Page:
I read one article that insists that there is an environmental component to handedness, as if it isn’t innate. Trust me, my hand preference was completely innate. With two right-handed parents and no siblings until I was eight years old, I used the hand that came naturally to me.

Here is a very clear image of Grandpa with his cousins Dick and Phil DeKorn in the 1920s (the boys were born in 1920 and 1922). This could possibly be Long Lake in Portage, Michigan, but my family was associated with several different lakes, so it is impossible to know for sure.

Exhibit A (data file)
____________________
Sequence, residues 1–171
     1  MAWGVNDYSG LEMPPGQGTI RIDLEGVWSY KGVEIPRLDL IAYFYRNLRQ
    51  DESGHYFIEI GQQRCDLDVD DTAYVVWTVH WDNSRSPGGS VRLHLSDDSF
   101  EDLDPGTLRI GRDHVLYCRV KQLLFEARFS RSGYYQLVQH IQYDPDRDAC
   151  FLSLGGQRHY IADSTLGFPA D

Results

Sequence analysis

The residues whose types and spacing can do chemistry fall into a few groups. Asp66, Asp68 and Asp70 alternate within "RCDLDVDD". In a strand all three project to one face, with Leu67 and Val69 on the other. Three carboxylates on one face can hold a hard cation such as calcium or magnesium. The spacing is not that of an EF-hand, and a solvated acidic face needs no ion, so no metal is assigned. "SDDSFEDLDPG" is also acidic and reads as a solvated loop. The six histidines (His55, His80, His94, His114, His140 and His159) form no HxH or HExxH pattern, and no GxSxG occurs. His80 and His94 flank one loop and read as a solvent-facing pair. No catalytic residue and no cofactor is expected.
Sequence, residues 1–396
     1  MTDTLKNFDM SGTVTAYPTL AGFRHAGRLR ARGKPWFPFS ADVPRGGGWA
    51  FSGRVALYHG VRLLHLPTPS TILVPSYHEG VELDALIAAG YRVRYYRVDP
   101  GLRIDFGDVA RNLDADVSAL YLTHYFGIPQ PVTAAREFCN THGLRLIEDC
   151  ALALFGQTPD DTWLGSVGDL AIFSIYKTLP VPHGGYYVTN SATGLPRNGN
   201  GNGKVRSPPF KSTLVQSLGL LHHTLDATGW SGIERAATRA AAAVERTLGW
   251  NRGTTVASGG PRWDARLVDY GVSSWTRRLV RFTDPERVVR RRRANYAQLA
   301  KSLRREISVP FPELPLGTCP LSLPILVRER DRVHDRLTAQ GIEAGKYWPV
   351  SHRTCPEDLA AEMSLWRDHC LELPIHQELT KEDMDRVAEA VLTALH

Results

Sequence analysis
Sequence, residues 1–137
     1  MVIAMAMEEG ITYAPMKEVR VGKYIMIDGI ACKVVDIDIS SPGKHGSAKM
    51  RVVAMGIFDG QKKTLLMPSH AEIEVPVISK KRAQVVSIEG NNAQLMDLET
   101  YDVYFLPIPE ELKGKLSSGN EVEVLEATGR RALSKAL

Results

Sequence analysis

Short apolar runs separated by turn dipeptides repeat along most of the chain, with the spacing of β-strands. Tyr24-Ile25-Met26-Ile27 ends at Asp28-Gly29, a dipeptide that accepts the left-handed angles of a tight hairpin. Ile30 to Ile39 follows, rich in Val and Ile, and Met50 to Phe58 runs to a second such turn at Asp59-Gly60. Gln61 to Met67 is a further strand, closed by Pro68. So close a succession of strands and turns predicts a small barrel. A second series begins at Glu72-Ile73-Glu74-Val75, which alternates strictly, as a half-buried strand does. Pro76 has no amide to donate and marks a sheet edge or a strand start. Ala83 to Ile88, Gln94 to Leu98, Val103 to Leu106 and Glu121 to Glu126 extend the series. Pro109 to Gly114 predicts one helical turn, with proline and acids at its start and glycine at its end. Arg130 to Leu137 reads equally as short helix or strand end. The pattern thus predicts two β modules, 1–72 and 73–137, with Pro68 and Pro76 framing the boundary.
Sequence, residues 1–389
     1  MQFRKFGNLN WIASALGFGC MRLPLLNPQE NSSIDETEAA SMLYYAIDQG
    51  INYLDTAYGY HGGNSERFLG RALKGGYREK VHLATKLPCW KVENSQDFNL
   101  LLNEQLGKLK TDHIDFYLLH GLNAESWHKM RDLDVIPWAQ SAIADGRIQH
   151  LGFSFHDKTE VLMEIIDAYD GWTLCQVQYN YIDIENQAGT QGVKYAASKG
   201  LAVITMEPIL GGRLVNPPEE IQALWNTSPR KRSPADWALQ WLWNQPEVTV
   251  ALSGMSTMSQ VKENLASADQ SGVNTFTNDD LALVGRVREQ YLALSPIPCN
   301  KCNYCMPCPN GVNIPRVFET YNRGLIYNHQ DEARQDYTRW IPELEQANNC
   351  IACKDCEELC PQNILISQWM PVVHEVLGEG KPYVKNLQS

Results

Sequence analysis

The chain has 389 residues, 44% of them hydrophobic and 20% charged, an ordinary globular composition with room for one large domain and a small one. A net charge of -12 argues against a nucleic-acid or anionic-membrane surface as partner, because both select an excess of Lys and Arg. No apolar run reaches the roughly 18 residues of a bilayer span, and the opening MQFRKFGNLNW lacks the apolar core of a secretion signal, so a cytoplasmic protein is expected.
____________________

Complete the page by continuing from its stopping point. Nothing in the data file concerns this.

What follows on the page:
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Can we talk DNA for a minute today? As you may or may not know, Ancestry has updated their DNA Story. They have revised their ethnicity estimates based upon a larger pool of test results than was used in their prior estimates. That sounds good, right?

So why does it seem not any more accurate? I’ll qualify that by saying that is no way to be “accurate” with this stuff as it’s just a hint. Since my ancestors were all European, and there was so much movement in Europe over time, my DNA result should look like a bit of a blended cocktail–and it does.

I might share DNA with this woman, but I don’t know her name

Great hat though!